Finally, MGM has released an underrated gem from 1984, THE POPE OF GREENWICH VILLAGE (***, $19.98), an adaptation of Vincent Patrick's novel (scripted by the author), with Mickey Rourke and Eric Roberts as dreamers in NYC's Little Italy and Daryl Hannah as Rourke's main squeeze. Dave Grusin's score and John Bailey's cinematography help immeasurably in creating a memorable atmosphere for director Stuart Rosenberg's gritty drama, which gets a solid 1.85 transfer and the original trailer in MGM's non- anamorphic DVD.

Coming Soon

THIRTEEN DAYS (***, $24.98, New Line, available July 10): It didn't last long in theaters or cop the major Oscar nominations that many were anticipating, but this sturdy, if unremarkable, behind-the-scenes chronicle of JFK, Bobby Kennedy, and special assistant Ken O'Donnell engaged in a war of wills against the Russians during the Cuban Missile Crisis makes for solid home video.

Kevin Costner's Bass-tahn accent veers all the over the place as O'Donnell, but the actor does a fairly good job in the role of advisor and confidant to JFK, played here by Bruce Greenwood in a nicely understated performance (with a much more stable Massachusetts accent, at that).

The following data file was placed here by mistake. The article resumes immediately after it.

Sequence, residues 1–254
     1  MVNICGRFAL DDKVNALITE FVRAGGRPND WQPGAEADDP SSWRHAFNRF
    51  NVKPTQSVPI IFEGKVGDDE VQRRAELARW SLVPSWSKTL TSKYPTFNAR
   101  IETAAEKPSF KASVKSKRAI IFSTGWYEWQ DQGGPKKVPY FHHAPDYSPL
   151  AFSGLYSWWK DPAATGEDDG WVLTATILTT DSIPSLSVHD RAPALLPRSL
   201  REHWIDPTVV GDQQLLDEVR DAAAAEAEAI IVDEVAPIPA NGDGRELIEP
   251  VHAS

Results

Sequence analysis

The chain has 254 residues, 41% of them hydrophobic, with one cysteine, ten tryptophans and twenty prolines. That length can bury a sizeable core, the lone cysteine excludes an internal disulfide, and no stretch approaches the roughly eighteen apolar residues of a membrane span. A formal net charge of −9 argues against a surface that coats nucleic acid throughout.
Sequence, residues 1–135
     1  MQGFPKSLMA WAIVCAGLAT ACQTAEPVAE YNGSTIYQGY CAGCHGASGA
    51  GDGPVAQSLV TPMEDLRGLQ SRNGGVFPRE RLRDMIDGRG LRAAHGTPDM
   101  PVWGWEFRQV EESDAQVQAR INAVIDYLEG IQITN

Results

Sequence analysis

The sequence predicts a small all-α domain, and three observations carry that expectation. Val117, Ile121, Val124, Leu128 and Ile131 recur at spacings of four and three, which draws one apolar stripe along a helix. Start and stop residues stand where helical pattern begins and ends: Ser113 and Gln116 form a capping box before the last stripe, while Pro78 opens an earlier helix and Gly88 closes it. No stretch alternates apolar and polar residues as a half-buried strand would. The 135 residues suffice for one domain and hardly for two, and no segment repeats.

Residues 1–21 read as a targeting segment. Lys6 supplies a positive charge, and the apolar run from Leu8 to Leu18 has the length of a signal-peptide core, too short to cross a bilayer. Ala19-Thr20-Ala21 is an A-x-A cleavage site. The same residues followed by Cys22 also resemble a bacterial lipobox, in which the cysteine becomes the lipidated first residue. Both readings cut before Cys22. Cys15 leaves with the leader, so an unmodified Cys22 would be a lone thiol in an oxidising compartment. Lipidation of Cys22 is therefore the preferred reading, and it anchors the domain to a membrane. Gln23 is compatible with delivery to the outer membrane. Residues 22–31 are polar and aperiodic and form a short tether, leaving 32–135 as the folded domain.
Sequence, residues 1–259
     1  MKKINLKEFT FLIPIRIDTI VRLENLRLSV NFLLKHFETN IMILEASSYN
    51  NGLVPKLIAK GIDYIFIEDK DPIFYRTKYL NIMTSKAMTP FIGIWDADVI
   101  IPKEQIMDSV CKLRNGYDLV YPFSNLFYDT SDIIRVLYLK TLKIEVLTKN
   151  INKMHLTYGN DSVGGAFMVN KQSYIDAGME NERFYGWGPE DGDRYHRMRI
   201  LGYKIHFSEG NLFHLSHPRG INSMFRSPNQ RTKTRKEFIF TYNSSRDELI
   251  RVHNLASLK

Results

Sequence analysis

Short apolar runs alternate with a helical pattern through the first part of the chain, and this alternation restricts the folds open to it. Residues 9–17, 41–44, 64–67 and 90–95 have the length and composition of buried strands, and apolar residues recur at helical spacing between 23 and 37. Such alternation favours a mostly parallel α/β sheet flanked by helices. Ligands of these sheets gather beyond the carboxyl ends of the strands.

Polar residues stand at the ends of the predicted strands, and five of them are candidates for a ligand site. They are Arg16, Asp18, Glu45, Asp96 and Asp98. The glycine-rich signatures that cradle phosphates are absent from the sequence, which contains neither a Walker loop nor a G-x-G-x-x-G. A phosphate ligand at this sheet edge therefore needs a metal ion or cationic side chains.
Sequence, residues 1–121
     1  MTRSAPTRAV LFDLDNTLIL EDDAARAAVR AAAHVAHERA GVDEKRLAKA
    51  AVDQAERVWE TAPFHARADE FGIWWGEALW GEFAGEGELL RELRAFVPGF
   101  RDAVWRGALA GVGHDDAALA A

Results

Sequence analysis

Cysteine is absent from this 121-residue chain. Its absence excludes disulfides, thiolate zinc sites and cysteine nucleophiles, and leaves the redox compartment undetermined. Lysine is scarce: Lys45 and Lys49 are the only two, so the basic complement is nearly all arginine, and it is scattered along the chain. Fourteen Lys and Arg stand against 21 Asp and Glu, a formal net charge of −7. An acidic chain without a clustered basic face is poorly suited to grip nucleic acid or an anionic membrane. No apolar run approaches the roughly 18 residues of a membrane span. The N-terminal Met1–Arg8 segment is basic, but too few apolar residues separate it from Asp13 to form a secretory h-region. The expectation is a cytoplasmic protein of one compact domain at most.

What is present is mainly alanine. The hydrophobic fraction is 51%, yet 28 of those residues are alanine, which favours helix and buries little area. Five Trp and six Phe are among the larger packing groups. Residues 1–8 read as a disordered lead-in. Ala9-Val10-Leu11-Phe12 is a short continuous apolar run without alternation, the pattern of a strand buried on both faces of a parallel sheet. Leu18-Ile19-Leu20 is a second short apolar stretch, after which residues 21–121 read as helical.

David Self's script doesn't do much other than clinically re-create each and every chess move of the American participants, and under Roger Donaldson's direction, the movie feels at times like a made-for- TV movie rather than a theatrical film. The performances are generally solid but none of them stand out from the film's confining structure, and few of Donaldson's visual tricks (use of archival footage, mediocre special effects, and frequent shifts to black-and-white) quite compensate for the obviously modest budget at his disposal.

Still, the event itself is so compelling that history buffs will find much to appreciate here (despite a few fictional elements thrown in at times), and New Line's DVD -- the first release in their new "Infinifilm" series -- rates as one of the better achievements in the medium of late.